Almost once a day, somewhere in the sky a sudden burst of gamma rays appears. Called, imaginatively, gamma ray busters, these events happen in distant early galaxies in the universe. There are a range of theories as to their possible origins – large stars collapsing to black holes without a supernova, merging galaxies bringing together their central black holes. To learn more about them, astronomers have gamma ray survey telescopes looking all over the sky for them, and better telescopes, or telescopes that work in other wavelengths ready to swing round to see their other afterglows.
One such survey telescope is the gamma ray burst monitor on the Fermi Gamma Ray Space Telescope. However, it was another instrument on this device – the Large Area Telescope that spotted an interesting GRB at the end of August. The LAT only looks at a sixth of the sky and looks at it in higher energy gamma rays than normal. As a result, it doesn’t normally see GRBs, but has caught one or two – ten in total.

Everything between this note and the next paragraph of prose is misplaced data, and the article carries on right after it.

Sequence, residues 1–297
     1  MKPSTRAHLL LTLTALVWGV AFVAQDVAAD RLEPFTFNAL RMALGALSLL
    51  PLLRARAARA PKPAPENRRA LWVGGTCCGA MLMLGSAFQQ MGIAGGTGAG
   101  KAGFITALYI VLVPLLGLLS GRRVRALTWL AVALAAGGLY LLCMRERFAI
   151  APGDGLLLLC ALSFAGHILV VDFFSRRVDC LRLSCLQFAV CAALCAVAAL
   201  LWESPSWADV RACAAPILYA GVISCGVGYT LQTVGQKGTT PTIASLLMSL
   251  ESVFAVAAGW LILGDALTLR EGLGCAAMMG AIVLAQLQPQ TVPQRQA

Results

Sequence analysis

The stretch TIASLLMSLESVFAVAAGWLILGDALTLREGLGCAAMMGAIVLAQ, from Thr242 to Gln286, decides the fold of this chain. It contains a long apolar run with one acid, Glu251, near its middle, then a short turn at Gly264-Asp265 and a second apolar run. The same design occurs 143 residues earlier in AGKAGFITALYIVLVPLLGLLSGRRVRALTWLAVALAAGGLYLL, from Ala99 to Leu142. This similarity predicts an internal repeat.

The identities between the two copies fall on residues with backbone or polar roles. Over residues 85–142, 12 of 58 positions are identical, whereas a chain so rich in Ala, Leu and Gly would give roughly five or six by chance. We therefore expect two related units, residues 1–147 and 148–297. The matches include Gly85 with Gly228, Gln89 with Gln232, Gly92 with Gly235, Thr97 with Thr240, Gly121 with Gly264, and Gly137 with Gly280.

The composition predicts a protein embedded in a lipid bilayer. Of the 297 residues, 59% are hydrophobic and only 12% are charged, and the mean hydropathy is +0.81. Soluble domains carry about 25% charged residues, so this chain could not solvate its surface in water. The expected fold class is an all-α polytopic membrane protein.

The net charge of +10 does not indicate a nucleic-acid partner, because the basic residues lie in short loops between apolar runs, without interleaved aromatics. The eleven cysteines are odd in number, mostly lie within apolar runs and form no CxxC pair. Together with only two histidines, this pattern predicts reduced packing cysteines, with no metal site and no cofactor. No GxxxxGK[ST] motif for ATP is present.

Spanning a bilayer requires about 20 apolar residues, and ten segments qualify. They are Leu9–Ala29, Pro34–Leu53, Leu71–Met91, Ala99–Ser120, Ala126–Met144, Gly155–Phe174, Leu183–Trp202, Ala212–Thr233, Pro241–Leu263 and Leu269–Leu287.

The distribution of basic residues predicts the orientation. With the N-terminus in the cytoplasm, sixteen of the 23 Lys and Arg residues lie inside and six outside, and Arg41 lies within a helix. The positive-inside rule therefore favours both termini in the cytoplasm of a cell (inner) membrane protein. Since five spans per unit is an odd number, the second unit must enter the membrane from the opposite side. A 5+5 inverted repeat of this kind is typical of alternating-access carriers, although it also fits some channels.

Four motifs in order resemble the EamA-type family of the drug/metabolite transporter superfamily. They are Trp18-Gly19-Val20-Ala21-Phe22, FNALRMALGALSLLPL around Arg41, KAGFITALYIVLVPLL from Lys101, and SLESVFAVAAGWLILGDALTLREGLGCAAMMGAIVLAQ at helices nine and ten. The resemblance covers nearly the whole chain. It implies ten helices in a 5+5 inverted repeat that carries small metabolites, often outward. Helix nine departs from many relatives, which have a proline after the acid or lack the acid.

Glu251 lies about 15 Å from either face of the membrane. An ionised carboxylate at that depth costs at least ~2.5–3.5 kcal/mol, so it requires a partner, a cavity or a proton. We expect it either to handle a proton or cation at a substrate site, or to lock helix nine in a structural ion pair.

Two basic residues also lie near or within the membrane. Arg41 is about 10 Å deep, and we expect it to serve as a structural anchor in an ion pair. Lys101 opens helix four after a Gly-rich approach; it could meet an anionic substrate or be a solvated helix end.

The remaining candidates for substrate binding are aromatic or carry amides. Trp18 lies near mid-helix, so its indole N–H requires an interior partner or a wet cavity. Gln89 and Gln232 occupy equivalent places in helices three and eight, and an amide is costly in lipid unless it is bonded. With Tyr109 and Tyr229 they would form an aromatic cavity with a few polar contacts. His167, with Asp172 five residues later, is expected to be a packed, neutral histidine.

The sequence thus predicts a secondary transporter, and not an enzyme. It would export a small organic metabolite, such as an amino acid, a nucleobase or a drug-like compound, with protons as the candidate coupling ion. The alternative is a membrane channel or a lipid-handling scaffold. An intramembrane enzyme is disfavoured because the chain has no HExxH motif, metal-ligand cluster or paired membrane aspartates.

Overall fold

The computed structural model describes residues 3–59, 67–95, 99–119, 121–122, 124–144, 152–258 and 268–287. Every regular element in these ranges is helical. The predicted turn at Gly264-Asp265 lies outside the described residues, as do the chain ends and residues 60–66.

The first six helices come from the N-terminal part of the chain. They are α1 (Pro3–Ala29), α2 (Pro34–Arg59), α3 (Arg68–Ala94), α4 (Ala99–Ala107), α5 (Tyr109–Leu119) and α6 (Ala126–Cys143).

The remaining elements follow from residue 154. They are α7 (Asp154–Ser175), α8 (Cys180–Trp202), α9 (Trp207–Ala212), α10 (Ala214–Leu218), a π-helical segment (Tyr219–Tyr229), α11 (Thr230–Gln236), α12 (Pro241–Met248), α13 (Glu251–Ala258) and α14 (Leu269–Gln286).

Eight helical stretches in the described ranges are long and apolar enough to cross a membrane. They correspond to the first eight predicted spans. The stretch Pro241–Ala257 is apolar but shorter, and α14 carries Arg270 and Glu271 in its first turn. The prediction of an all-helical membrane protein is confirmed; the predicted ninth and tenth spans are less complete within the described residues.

LAT recorded the energy of the gamma rays and found one to be 33 GeV (that is 30,000,000,000 eV compared to the 10s-100s eV in UV light and 1000s-1000,000s in X-rays). This was the highest energy gamma ray to be seen coming from a GRB. The high energies are believed to be the result of Doppler shifts associated with high relative approach velocities of the sources rather than extra high energetic things happening compared to the average GRB.